AWS Greengrass is a new product in the IoT family, which was in the preview stage at the time of writing. It allows simplified edge analytics. This makes it exciting for the IoT analytic possibilities. It is software that is installed locally on a device or a nearby device hub. It can automatically handle buffering event data when the device is not connected. It also, and this is the exciting part, supports the same Lambda functions as the AWS cloud. You can build and test the functions in your AWS environment and then move them with minimal effort to operate at the edge using Greengrass.

Microsoft Azure IoT Hub

Azure IoT Hub is a managed service for bidirectional communications between the Azure backend and IoT devices. Millions of devices can operate on the IoT Hub; the service can scale as needed. Communications can be one-way messaging, file transfer, and request-reply methods. It integrates with other Azure services.


Example Azure IoT Hub solution architecture. Image source: Microsoft Azure

Azure IoT Hub has some key features, which give some insight into how it works:

  • Authentication and connectivity security: Each device is provisioned with its own security key that allows it to connect to IoT Hub. Identities and keys are stored in the IoT Hub identity registry.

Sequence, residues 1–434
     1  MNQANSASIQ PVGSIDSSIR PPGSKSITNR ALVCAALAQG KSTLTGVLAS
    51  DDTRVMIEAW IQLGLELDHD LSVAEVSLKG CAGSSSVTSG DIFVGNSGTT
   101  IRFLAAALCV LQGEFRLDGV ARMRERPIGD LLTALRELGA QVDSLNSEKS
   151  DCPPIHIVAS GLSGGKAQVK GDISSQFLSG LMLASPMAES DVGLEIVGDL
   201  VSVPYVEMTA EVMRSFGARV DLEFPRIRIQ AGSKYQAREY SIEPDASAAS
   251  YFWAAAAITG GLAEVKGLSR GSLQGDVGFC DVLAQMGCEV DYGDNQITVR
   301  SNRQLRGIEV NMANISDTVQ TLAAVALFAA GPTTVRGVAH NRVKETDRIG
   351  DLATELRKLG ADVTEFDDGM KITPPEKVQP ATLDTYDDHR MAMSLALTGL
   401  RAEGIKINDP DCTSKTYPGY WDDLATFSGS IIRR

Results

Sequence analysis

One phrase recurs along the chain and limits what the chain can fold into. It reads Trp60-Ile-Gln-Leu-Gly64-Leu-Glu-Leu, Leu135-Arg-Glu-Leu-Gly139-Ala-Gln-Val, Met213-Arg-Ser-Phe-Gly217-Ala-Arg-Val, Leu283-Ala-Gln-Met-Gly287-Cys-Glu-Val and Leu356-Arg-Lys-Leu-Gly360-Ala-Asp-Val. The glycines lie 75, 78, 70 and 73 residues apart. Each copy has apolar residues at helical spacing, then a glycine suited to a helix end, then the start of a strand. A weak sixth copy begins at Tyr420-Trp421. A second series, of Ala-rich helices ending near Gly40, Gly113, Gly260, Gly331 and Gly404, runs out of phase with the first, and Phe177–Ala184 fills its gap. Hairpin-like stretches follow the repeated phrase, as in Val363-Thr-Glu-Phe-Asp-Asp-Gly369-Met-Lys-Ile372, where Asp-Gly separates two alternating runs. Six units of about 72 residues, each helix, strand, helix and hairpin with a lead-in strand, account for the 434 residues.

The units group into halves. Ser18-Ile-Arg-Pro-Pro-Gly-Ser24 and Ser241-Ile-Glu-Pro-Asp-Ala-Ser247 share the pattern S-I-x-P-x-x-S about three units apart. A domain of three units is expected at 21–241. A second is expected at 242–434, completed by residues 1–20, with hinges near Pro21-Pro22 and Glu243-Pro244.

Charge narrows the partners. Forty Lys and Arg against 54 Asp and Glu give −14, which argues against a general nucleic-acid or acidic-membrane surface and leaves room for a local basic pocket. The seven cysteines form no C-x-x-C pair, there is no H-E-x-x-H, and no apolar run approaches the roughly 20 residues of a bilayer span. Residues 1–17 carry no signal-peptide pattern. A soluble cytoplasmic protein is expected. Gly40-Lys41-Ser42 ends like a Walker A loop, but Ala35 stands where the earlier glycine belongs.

• Device twins: These are JSON documents that store state information such as configuration and parameter values. It is stored in the cloud and persists for each device connected to the IoT Hub. A twin allows you to store, synchronize, and query device data even if the device is offline.
  • Connectivity monitoring: Here, you can receive detailed logs on identity management and connectivity events for your devices.
  • The IoT protocols support: MQTT, HTTP, and AMQP protocols are supported by Azure IoT device SDKs that you would install on your IoT device. They are also supported through an exposed public protocol in the event you cannot use the SDK on your device.
  • IoT protocol extensibility: You can support custom protocols by either of the following:
    • Creating a field gateway: You can use the Azure IoT gateway SDK to convert your custom protocol to one of the three protocols understood by IoT Hub.
    • Customizing the Azure IoT protocol gateway: This runs in the Azure cloud and is an open source component.
  • Scale: Millions of devices can be connected at the same time with millions of events per second flowing through the hub.